GOLF NEWS: DEBORAH MOORE WINS THE LADY CAPTAINS PRIZE AT DUNFANAGHY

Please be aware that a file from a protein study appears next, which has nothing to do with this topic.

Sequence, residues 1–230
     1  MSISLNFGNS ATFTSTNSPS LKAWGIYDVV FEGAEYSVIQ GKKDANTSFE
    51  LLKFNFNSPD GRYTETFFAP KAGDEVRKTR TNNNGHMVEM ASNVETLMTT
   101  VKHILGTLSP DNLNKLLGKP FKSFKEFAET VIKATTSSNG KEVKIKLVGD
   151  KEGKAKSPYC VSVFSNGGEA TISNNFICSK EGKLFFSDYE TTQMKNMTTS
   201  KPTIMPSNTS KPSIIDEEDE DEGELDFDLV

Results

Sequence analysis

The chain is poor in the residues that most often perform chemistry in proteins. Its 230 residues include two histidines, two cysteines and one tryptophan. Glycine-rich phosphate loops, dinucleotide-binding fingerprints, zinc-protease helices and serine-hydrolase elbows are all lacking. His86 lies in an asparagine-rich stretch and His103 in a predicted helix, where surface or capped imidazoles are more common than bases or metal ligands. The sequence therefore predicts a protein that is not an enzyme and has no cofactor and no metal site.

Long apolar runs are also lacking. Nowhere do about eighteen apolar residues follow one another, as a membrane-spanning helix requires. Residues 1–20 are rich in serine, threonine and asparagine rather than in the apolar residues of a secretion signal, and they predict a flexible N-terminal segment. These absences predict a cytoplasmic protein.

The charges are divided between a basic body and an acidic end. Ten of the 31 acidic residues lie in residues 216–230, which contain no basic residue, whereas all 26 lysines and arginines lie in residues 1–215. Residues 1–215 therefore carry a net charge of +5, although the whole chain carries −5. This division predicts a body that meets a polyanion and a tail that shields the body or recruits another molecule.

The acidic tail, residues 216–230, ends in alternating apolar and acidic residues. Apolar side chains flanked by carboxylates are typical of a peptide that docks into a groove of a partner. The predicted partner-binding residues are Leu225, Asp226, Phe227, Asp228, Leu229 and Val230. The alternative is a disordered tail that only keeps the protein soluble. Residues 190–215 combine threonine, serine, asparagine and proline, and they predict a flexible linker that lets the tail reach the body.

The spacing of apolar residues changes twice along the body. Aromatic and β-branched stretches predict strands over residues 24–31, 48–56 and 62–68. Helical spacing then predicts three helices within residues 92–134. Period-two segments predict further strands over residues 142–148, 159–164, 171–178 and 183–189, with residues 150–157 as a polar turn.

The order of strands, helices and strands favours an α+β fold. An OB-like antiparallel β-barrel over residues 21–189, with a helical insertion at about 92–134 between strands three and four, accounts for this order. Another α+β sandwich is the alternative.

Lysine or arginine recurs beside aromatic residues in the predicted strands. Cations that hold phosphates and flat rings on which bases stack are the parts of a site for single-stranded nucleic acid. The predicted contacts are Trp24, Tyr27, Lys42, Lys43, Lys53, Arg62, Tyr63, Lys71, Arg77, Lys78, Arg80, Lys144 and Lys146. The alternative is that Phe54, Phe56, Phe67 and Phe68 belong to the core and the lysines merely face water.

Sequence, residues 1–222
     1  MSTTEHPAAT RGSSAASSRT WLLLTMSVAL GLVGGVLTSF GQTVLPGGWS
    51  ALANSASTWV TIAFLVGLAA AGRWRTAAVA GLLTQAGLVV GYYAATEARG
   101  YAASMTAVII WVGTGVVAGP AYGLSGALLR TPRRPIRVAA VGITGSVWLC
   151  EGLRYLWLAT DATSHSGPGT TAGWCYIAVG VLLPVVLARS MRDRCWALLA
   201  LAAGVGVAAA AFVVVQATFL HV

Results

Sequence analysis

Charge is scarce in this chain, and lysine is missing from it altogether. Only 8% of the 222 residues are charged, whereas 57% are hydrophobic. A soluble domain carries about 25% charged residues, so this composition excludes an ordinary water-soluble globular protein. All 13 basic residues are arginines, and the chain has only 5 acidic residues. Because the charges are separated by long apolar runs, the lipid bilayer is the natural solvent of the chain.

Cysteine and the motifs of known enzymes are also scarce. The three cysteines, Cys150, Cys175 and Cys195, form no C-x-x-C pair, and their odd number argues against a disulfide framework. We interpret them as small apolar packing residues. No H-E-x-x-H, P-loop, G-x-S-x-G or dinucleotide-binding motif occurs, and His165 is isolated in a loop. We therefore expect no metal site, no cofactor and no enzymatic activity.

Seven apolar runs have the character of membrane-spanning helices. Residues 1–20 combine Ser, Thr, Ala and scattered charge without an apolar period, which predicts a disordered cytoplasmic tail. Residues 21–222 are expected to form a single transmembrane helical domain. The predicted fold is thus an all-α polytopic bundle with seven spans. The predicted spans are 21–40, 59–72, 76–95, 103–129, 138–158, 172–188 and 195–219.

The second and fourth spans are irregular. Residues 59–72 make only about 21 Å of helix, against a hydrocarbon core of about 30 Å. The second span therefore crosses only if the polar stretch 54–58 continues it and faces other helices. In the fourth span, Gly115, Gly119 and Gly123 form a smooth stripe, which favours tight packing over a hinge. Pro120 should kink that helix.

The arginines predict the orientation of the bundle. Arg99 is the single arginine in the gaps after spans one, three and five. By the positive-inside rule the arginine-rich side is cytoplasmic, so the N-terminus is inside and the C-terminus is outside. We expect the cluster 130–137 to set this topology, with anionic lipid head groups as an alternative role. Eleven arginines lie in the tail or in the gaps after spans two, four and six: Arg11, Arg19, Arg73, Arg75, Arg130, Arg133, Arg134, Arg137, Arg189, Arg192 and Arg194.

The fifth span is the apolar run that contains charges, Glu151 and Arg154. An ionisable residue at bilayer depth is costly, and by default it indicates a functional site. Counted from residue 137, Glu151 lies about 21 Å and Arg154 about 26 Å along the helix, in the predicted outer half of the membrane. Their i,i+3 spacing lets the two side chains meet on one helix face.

first_imgDunfanaghy Golf Club NotesIt was Lady Captain’s week and what a great week we have had on the course and in the clubhouse.There was the Lady and Gent’s Captain’s prizes to the Juveniles on Thursday. There were 40 juveniles taking part in the competitions and there was some great scoring. Well done to one and all who took part. And thanks to all the parents that assisted on the evening. Then we had the scramble on Friday and there was a great turnout of both young and old on a beautiful evening. Mal Johnson was ready with the barbeque when the golfers were finished. And the burgers were so good most people had two. Well done Mal.Then on Saturday it was Cheryl’s Lady Captain’s prize day here at the club and on behalf of the Gent’s committee I would like to congratulate Cheryl on a most enjoyable sequence of competitions over the past week. Lady Captain’s Day was a tremendous success and a fitting reward for her tremendous work on behalf of the club throughout the year. Congratulations also to Deborah Moore on winning this prestigious event at the very first attempt. There was a huge turnout on the day and the weather was fantastic. We were very lucky as it had rained heavily in neighbouring towns. The attention to detail by Cheryl was second to none and the clubhouse looked fabulous. The food was fantastic and the music during the day and night kept everyone entertained.Results:Lady Captain Results Saturday 9th August 2014 1st Deborah Moore 41pts2nd Karen McCormick 40ptsGross Maggie Foy 26pts3rd Margaret Roarty 39pts4th Rosie Agnew 38pts 5th Lyn McOwan 37pts9s Sandra McGinley 20pts & Siobhan Bogues 21ptsStudent Amy & RachelLady Guest Rosanne Logue 37pts 14 Hole Gretta Sweeney 23ptsPast Captain Margaret Witherow 37ptsCommittee Olivia Moore 37ptsNon Qual. Margaret McKee 38ptsLongest Drive Natalie CummingsNearest the pin Rosie AgnewCSS 36ptsLady Captain’s Prize to Gents Sat 9th August,1st Colin Higgs 40pts2nd Brendan Kelly 39ptsGross Keith Lapsley 34 pts3rd Willie Wilkin 39pts9’s Paul Smyth 20pts & Chris Marriott 22ptsCSS 37 ptsMonday sees the start of Captain’s week and once again on behalf of all our members I would like to wish Captain Gerald every success. During his tenure as Captain we have witnessed growth in all aspects of life here at the club. The course is in the best shape it has ever been, membership is up quite substantially, and in the clubhouse the bar and kitchen are proving extremely popular with members and visitors alike. All of this increased activity has had a very positive effect on our finances, so if this momentum can be maintained we are on track for a very successful year. The feel good factor which currently exists within the club can be attributed in no small measure to the leadership shown by our Captain. His drive, energy and attention to detail are absolutely incredible while his “can do” attitude seems to bring out the best in those around him. It has been an absolute pleasure to have worked alongside such an enthusiastic, dedicated and forward thinking Captain so let us all give him the support he so richly deserves up to and including his big day on Saturday. Lets hope the weather is as kind to Gerald during the week and especially next Saturday. The full list of competitions for the week is listed below. Let’s try and play as many of the competitions during the week and visit the clubhouse as there should be a great atmosphere in the clubhouse all week.As it is Men’s Captain’s weekend, the scramble will be 18 holes. You have to register before 4pm on Friday with the Shotgun Start at 4.30pm.The competitions are as follows:Competitions this coming week:• Tuesday 12th August Men’s Captain’s prize to the Ladies• Wednesday 13th August Open Singles Stableford• Thursday 14th August Captain’s mixed Foursomes• Friday 15th August 18 hole scramble register by 4pm for 4.30pm start• Saturday 16th August Men’s Captain Prize• Sunday 17th August 4BBB any combinationAs everyone that has been in the clubhouse over the weekend would have seen, we have posters up which mention the Ryder cup Weekend. This will be launched on the Caravanner’s weekend. You have been warned to make sure to have the 26th-28th of September free as it promises to be a great weekend. All details will be announced on the Caravanner’s weekend. The timesheet is up for the Caravanner’s classic, so get your name down on the timesheet as soon as possible.Juvenile notes;What a busy week it has been for the juvenile members. It started with the main event of the year the Captains Prize and a large turnout taking to the fairways. The best golf was played by Kyle Mc Garvey who followed up last years major win in the Presidents Prize to lift the Captains Prize with a little bit to spare. Two majors in two years, Kyle is now chasing Rory. In second place was James Sweeney with Conor Gallagher filling third place. In the Cadet section Ben Smyth led the way with Hugh Burke in second and Ciaran Moore fresh from his recent success in the Foyle Cup taking third.Sarah Sweeney came out on top in the Girls section with Danielle Mullan second and Rachael Dolan third. It was great to see many girls out on the course.The normal Saturday morning competition was a very close affair with a 2 hole play off need to decide the winner with James Sweeney just getting the better of Conor Hanna. In the Cadets Eoin Bonner played great golf to take first from Ben Smyth.There will be no competition next Saturday morning due the Captains Prize taking place, we will contact members re the next competition date.GOLF NEWS: DEBORAH MOORE WINS THE LADY CAPTAINS PRIZE AT DUNFANAGHY was last modified: August 12th, 2014 by Mark ForkerShare this:Click to share on Facebook (Opens in new window)Click to share on Twitter (Opens in new window)Click to share on LinkedIn (Opens in new window)Click to share on Reddit (Opens in new window)Click to share on Pocket (Opens in new window)Click to share on Telegram (Opens in new window)Click to share on WhatsApp (Opens in new window)Click to share on Skype (Opens in new window)Click to print (Opens in new window)Tags:DunfanaghygolfNoticesSportlast_img read more